Acta Phys. -Chim. Sin. ›› 2022, Vol. 38 ›› Issue (5): 2006037.doi: 10.3866/PKU.WHXB202006037

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Research Progress in Chlorine Ion Removal Electrodes for Desalination by Capacitive Deionization

Yuecheng Xiong1, Fei Yu2, Jie Ma1,3,*()   

  1. 1 Key Laboratory of Yangtze River Water Environment, Tongji University, Shanghai 200092, China
    2 College of Marine Ecology and Environment, Shanghai Ocean University, Shanghai 201306, China
    3 Shanghai Institute of Pollution Control and Ecological Security, Shanghai 200092, China
  • Received:2020-06-12 Accepted:2020-07-07 Published:2020-07-13
  • Contact: Jie Ma
  • About author:Jie Ma, Email:
  • Supported by:
    the National Natural Science Foundation of China(21777118)


Sustainable freshwater supply is a grave challenge to the society because of the severe water scarcity and global pollution. Seawater is an inexhaustible source of industrial and potable water. The relevant desalination technologies with a high market share include reverse osmosis and thermal distillation, which are energy-intensive. Capacitive deionization (CDI) is a desalination technology that is gaining extensive attention because of its low energy consumption and low chemical intensity. In CDI, charged species are removed from the aqueous environment via applying a voltage onto the anode and cathode. For desalination, Na+ and Cl- ions are removed by the cathode and anode, respectively. With the boom in electrode materials for rechargeable batteries, the Na+ removal electrode (cathode) has evolved from a carbon-based electrode to a faradaic electrode, and the desalination performance of CDI has also been significantly enhanced. A conventional carbon-based electrode captures ions in the electrical double layer (EDL) and suffers from low charge efficiency, thus being unsuitable for use in water with high salinity. On the other hand, a faradaic electrode stores Na+ ions through a reversible redox process or intercalation, leading to high desalination capacity.However, the Cl- removal electrode (anode) has not yet seen notable development. Most research groups employ activated carbon to remove Cl-, and therefore, summarizing Cl- storage electrodes for CDI is necessary to guide the design of electrode systems with better desalination performance. First, this review outlines the evolution of CDI configuration based on the electrode materials, suggesting that the anode and cathode are of equal importance in CDI. Second, a systematic summary of the anode materials used in CDI and a comparison of the characteristics of different electrodes, including those based on Ag/AgCl, Bi/BiOCl, 2-dimensional (2D) materials (layered double hydroxide (LDH) and MXene), redox polymers, and electrolytes, are presented. Then, the underlying mechanism for Cl- storage is refined. Similar to the case of Na+ storage, traditional carbon electrodes store Cl- via electrosorption based on the EDL. Ag/AgCl and Bi/BiOCl remove Cl- through a conversion reaction, i.e., phase transformation during the reaction with Cl-. 2D materials store Cl- in the space between adjacent layers, a process referred as ion intercalation, with layered double hydroxide (LDH) and MXene showing higher Cl- storage potential. Redox polymers and electrolytes allow for Cl- storage via redox reactions. Among all the materials mentioned above, Bi/BiOCl and LDH are the most promising for the construction of CDI anodes because of their high capacity and low cost. Finally, to spur the development of novel anodes for CDI, the electrodes applied in a chlorine ion battery are introduced. This is the first paper to comb through reports on the development of anode materials for CDI, thus laying the theoretical foundation for future materials design.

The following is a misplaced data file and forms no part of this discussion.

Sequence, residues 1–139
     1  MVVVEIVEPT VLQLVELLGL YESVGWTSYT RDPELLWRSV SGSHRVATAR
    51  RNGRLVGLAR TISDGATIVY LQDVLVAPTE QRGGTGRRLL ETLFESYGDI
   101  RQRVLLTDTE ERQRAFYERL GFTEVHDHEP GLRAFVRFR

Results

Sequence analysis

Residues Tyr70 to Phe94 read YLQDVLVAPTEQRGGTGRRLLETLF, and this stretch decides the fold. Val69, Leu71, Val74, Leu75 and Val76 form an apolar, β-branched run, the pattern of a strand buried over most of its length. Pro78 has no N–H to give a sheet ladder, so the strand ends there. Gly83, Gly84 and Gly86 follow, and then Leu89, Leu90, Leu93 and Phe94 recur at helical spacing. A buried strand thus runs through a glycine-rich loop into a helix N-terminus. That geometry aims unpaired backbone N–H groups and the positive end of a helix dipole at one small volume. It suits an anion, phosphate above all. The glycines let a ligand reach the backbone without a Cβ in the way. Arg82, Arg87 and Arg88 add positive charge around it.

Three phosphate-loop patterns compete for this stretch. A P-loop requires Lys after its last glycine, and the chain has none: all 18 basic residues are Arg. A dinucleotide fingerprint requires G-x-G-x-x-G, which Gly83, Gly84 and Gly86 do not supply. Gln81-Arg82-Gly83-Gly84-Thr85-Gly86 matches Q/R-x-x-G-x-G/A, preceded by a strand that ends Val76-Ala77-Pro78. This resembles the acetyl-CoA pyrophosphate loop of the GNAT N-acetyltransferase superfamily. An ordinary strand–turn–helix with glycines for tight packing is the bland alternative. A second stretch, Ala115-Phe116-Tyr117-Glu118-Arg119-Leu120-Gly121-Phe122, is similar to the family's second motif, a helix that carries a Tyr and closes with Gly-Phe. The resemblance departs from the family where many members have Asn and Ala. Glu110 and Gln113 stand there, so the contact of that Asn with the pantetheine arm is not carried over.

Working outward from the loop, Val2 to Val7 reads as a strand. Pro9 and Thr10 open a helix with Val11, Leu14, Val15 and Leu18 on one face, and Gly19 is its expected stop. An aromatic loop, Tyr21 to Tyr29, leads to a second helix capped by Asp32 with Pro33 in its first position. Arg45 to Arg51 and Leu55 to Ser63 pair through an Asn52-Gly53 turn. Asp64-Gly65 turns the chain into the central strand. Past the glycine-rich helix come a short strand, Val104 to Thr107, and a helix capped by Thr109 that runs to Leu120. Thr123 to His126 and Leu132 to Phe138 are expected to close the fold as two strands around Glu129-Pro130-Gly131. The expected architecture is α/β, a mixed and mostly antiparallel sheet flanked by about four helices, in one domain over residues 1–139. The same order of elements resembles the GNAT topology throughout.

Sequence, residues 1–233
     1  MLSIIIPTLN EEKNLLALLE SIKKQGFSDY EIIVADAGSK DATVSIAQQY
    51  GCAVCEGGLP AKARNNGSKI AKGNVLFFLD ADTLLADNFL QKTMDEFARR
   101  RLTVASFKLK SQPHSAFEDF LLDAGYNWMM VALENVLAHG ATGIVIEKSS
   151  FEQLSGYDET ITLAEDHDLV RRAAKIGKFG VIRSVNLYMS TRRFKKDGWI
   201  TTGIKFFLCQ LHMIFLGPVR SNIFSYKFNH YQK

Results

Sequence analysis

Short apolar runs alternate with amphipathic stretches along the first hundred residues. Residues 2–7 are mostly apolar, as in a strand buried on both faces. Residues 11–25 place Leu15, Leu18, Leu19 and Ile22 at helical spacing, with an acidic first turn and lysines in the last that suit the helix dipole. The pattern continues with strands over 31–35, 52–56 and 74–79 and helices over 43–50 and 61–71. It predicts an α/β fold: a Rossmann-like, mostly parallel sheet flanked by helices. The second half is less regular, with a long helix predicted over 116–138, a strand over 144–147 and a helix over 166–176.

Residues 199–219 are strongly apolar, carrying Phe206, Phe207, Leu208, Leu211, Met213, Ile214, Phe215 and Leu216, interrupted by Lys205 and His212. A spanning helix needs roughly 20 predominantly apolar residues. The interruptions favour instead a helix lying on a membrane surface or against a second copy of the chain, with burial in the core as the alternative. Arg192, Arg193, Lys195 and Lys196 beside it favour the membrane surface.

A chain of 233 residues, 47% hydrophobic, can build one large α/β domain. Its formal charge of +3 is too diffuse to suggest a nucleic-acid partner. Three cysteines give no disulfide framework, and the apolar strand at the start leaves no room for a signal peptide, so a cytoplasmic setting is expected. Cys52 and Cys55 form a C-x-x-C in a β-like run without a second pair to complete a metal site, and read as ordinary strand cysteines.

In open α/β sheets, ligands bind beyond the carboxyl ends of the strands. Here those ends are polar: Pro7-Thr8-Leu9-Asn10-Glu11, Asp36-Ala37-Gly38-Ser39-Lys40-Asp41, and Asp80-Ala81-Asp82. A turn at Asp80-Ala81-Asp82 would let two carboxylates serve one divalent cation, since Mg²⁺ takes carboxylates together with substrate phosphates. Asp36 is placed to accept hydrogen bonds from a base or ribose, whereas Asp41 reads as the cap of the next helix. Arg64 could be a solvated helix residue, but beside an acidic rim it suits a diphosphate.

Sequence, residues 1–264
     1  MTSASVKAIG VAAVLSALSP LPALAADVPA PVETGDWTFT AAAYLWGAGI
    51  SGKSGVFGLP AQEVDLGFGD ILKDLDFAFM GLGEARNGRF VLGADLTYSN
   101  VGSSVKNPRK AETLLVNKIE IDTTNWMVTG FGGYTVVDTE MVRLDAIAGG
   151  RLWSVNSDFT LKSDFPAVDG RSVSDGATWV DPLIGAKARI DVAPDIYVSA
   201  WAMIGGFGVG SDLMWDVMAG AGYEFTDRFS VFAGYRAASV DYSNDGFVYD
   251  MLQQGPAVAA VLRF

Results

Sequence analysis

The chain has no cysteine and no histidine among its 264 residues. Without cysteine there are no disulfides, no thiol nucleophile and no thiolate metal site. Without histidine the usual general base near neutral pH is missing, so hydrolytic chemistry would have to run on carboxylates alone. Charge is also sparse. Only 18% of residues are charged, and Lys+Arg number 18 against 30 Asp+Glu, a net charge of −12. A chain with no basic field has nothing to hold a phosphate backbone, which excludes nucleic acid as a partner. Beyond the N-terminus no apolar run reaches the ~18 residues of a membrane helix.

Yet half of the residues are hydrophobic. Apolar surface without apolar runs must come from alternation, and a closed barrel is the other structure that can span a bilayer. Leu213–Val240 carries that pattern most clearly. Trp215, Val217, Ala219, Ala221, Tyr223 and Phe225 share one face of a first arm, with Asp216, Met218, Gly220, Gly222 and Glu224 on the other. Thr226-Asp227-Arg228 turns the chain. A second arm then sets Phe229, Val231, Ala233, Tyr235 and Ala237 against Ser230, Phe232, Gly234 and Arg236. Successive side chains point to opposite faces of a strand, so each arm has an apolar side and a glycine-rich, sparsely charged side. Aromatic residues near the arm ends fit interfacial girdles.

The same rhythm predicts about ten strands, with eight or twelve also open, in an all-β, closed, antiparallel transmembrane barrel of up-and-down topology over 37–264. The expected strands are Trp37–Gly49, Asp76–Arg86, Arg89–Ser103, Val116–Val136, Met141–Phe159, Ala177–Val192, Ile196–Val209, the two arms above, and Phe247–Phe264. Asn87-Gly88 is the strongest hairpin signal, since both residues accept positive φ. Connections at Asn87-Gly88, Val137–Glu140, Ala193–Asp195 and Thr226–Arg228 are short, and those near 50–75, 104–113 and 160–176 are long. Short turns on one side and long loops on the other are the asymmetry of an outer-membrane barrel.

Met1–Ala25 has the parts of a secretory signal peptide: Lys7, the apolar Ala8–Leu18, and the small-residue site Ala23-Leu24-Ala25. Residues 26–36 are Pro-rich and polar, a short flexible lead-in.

Key words: Capacitive deionization, Desalination, Anode, Chlorine ion, Battery


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